- 1 teaspoon chickpea flour (besan)
Prep the bitter melon
- Wash and cut the bitter melon into rounds - about ½ cm thick. With the skin and the pith.
- Place a saucepan on medium heat. Add the water, salt, turmeric and tamarind extract to the pan. Bring to boil. Now add the chopped melon. Cook till soft, but not fully cooked. Drain and keep aside.This step will take take 5-7 minutes.3 tender bitter melon, 1 and ¼ cups water, ½ teaspoon salt, ½ teaspoon turmeric, 3 tablespoons tamarind pulp
Now let us make the curry
- Place a frying pan on medium high heat. Add oil and chickpea lentils. Fry till the lentils start to turn brown. Add the rest of the spices - mustard seeds, red chilli, asafoetida and curry leaves. Toss them around the the oil till the mustard seeds begin to splutter.2 teaspoons neutral oil, 1 teaspoon chickpea lentils (chana dal), ½ teaspoon brown mustard seeds, 1 dried red chilli, ¼ teaspoon powdered asafetida, 4-5 curry leaves
- Add the boiled and drained bitter melon pieces, jaggery and ground red chilli. Stir. The jaggery will begin to melt almost immediately. Reduce the heat from medium-high to medium-low. Let the jaggery melt completely, caramelize and coat the gourd pieces. This step will take 3-4 minutes. If, at this point, you find that there isn't enough moisture and the spices are sticking to the bottom of the pan, add 1 or 2 tablespoons of water.3 tablespoons powdered jaggery, 1 teaspoon ground red chilli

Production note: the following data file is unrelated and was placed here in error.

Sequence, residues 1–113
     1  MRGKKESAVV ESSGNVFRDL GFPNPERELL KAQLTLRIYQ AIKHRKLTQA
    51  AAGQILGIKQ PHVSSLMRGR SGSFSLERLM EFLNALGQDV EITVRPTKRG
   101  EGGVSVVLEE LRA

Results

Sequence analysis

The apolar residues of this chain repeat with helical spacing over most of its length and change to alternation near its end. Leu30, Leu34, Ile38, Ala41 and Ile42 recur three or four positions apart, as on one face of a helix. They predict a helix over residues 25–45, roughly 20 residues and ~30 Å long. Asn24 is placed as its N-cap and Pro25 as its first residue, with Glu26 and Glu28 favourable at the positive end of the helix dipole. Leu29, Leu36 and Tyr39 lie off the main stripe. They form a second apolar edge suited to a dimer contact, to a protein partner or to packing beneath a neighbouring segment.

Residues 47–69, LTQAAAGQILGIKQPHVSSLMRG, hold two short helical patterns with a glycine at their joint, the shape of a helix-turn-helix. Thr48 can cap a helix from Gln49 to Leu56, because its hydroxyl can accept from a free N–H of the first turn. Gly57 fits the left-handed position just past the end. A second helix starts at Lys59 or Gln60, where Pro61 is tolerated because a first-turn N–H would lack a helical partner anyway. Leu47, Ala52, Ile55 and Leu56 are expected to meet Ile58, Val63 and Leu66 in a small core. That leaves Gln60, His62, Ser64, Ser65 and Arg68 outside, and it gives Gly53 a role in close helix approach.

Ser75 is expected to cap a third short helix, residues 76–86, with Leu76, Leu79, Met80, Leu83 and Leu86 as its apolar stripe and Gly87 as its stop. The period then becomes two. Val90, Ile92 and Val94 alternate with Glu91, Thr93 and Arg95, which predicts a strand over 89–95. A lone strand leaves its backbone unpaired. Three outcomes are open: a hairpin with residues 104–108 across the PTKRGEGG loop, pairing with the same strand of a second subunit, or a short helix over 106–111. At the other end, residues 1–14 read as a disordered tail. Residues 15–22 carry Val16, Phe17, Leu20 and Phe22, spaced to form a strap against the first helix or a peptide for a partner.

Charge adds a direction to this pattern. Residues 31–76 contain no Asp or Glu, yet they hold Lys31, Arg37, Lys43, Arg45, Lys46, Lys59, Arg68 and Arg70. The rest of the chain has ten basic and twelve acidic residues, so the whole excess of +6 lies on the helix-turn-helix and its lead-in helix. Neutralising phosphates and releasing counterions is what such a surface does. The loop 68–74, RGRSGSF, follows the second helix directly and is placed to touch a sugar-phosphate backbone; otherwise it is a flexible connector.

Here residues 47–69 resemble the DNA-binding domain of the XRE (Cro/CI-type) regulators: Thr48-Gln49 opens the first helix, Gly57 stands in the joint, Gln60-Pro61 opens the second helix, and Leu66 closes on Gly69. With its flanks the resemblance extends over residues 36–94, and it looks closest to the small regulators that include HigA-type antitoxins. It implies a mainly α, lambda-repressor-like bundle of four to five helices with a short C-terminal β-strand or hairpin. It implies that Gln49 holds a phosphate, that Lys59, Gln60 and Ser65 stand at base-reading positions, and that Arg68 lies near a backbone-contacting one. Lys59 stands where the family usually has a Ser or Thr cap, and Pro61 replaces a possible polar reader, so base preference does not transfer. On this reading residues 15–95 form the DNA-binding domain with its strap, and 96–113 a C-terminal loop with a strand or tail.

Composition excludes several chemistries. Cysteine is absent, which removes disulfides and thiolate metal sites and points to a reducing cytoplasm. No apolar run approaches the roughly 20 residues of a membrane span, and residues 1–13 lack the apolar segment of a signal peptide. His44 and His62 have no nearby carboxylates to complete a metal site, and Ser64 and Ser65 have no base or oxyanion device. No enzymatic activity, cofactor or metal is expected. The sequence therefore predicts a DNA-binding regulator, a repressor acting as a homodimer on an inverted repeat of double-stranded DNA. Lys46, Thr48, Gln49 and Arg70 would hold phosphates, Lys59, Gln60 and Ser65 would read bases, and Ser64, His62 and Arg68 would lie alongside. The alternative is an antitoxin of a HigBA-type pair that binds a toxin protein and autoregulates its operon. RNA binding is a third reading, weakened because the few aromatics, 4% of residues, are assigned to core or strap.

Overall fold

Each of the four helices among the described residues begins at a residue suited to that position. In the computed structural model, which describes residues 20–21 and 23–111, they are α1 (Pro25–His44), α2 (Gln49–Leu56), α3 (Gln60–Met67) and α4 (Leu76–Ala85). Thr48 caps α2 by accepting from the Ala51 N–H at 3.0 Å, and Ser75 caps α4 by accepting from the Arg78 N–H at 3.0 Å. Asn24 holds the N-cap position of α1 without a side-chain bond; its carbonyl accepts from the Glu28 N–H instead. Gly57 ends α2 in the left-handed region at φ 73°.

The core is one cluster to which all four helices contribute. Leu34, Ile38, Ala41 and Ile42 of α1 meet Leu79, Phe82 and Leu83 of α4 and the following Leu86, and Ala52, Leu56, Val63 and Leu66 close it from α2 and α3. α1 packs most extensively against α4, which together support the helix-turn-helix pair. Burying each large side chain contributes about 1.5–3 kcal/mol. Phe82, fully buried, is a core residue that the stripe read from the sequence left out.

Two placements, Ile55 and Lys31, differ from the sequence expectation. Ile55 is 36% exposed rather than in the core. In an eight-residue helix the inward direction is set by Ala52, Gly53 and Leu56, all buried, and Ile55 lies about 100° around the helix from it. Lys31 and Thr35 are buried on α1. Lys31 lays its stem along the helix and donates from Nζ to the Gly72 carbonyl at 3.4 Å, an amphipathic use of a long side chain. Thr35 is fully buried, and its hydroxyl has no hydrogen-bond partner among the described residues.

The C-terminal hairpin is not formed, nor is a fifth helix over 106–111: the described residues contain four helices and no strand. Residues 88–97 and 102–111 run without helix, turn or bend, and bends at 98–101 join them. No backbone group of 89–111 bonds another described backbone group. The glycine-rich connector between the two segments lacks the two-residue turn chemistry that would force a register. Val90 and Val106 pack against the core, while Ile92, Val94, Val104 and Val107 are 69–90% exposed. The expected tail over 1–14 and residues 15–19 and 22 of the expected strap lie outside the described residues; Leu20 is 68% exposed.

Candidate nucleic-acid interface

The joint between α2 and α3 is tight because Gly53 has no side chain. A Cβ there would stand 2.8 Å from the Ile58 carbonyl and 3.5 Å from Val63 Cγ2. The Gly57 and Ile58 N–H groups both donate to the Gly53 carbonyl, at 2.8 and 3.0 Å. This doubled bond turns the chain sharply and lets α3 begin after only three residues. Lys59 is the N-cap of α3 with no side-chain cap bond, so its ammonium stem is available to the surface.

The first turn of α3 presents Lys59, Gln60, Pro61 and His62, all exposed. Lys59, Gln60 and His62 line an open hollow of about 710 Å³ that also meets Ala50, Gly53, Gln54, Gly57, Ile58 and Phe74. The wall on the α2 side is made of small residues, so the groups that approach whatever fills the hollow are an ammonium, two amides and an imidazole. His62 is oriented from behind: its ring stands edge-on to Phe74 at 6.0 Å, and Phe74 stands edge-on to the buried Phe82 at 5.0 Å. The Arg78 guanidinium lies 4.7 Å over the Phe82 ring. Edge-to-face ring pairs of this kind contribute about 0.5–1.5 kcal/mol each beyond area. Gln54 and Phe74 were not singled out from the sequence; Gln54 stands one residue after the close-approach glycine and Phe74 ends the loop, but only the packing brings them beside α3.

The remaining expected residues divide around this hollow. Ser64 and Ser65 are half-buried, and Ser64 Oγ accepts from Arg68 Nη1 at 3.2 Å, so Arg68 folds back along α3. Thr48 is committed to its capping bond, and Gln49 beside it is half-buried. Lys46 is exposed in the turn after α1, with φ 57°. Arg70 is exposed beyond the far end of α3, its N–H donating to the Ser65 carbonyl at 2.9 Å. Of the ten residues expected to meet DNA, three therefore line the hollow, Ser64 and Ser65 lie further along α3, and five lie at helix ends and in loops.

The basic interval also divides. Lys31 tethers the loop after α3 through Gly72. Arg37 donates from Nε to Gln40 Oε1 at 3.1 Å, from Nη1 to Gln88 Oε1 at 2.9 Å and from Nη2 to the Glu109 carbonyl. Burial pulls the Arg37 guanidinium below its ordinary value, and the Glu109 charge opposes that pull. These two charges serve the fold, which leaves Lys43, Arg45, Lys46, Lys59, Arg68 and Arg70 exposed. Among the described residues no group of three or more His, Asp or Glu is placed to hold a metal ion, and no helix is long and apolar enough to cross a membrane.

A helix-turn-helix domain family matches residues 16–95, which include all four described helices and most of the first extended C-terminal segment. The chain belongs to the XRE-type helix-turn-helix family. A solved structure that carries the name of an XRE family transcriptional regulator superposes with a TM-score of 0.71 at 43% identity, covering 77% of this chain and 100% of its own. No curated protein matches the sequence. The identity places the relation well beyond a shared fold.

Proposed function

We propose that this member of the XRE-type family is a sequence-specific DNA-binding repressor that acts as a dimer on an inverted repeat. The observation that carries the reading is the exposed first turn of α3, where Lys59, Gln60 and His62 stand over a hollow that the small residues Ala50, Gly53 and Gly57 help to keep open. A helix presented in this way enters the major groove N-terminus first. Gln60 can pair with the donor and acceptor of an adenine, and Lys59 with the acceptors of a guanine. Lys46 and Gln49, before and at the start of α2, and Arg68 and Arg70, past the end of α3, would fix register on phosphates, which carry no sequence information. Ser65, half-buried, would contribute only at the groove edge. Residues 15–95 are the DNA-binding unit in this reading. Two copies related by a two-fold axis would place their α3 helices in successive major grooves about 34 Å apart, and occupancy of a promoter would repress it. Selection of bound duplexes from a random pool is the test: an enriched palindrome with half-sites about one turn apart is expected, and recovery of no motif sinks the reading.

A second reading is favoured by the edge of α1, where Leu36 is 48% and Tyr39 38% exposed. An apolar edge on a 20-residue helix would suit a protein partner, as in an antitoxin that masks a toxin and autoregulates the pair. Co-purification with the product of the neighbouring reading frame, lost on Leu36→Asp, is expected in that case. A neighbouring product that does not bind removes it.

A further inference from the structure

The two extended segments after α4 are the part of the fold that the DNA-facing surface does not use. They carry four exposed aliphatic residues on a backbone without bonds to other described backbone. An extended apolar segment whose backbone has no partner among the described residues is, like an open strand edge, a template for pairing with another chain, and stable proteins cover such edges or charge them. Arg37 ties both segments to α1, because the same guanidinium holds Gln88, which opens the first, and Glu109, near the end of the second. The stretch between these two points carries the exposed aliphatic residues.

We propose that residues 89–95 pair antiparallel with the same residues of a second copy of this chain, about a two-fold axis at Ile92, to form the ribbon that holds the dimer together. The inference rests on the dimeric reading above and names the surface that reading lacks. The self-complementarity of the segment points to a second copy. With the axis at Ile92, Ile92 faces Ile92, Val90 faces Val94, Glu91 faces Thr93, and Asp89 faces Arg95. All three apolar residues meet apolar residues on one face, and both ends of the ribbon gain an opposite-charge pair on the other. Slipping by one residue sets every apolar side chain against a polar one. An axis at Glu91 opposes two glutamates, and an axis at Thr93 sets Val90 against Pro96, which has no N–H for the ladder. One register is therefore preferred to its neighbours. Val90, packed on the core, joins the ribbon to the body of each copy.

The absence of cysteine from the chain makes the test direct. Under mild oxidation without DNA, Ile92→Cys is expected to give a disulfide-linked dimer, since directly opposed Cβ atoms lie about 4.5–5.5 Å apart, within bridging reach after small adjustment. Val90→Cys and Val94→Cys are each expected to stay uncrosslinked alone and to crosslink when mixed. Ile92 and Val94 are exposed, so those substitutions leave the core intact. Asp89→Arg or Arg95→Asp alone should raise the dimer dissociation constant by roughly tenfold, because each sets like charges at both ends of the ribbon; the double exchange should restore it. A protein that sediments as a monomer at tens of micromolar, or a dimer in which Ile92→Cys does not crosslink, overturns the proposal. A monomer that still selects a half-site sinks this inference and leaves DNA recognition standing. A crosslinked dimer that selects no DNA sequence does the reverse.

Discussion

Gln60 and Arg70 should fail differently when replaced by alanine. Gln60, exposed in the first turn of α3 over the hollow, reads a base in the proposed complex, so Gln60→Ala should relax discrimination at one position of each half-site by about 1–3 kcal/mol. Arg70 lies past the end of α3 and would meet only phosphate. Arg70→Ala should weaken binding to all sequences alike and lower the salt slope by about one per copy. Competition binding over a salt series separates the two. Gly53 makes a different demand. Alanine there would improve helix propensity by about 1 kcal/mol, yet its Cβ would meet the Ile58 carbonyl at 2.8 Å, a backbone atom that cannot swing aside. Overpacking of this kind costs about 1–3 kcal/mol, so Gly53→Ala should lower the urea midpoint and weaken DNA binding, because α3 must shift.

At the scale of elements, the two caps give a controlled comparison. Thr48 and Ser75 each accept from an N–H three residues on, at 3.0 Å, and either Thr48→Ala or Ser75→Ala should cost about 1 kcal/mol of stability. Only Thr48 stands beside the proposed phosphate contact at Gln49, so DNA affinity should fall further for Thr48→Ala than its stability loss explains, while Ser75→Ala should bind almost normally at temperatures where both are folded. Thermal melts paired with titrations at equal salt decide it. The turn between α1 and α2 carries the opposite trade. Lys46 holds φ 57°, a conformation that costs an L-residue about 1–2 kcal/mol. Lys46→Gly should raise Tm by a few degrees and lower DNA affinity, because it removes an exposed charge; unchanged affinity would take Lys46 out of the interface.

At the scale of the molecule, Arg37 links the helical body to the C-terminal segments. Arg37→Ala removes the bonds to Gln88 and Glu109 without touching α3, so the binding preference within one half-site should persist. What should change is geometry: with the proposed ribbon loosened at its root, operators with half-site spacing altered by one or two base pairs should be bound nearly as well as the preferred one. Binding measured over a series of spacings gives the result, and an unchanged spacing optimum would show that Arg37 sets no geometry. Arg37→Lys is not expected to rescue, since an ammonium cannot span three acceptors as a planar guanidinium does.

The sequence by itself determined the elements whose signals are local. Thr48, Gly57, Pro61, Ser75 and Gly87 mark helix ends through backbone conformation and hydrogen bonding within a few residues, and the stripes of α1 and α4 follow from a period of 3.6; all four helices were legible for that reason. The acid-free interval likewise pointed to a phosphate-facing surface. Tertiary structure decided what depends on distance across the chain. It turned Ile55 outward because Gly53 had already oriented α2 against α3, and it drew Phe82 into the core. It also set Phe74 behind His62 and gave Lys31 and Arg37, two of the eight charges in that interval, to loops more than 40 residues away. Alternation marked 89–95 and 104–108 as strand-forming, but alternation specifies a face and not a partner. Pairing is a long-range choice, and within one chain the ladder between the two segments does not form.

- Now sprinkle the chickpea flour evenly. Mix gently. Cook for another 2-3 minutes on low heat. Turn off the heat and serve. The flour will help bind the syrup, juices and the spices together. You will know that the curry is done when the gravy is thick, glossy and coating the vegetable evenly, giving the curry a lovely texture.1 teaspoon chickpea flour (besan)
- Jaggery: Jaggery is unrefined, natural cane sugar. If you do not have jaggery, you may use dark brown sugar or muscovado instead.
- Asafoetida - Powdered asafoetida that is most commonly has gluten (plain flour) mixed in it. There are some brands that sell gluten-free asafoetida.
- Chopping the vegetable: Make sure they are neither too thick nor too thin. Cut them approximately ½ cm thick.